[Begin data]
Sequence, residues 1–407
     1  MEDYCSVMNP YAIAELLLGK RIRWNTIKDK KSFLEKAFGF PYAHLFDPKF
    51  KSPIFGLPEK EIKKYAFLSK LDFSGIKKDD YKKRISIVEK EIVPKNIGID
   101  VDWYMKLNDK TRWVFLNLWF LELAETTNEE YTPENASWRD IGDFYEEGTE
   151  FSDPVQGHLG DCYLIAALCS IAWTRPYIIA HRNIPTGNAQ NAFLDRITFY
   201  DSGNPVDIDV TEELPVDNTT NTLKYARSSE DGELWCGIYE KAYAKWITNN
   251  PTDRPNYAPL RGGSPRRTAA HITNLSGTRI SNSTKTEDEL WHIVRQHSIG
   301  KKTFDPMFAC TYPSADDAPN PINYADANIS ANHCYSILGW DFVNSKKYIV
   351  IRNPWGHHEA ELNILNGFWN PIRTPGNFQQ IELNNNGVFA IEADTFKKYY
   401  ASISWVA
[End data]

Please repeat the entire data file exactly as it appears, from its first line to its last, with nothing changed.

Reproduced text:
Sequence, residues 1–407
     1  MEDYCSVMNP YAIAELLLGK RIRWNTIKDK KSFLEKAFGF PYAHLFDPKF
    51  KSPIFGLPEK EIKKYAFLSK LDFSGIKKDD YKKRISIVEK EIVPKNIGID
   101  VDWYMKLNDK TRWVFLNLWF LELAETTNEE YTPENASWRD IGDFYEEGTE
   151  FSDPVQGHLG DCYLIAALCS IAWTRPYIIA HRNIPTGNAQ NAFLDRITFY
   201  DSGNPVDIDV TEELPVDNTT NTLKYARSSE DGELWCGIYE KAYAKWITNN
   251  PTDRPNYAPL RGGSPRRTAA HITNLSGTRI SNSTKTEDEL WHIVRQHSIG
   301  KKTFDPMFAC TYPSADDAPN PINYADANIS ANHCYSILGW DFVNSKKYIV
   351  IRNPWGHHEA ELNILNGFWN PIRTPGNFQQ IELNNNGVFA IEADTFKKYY
   401  ASISWVA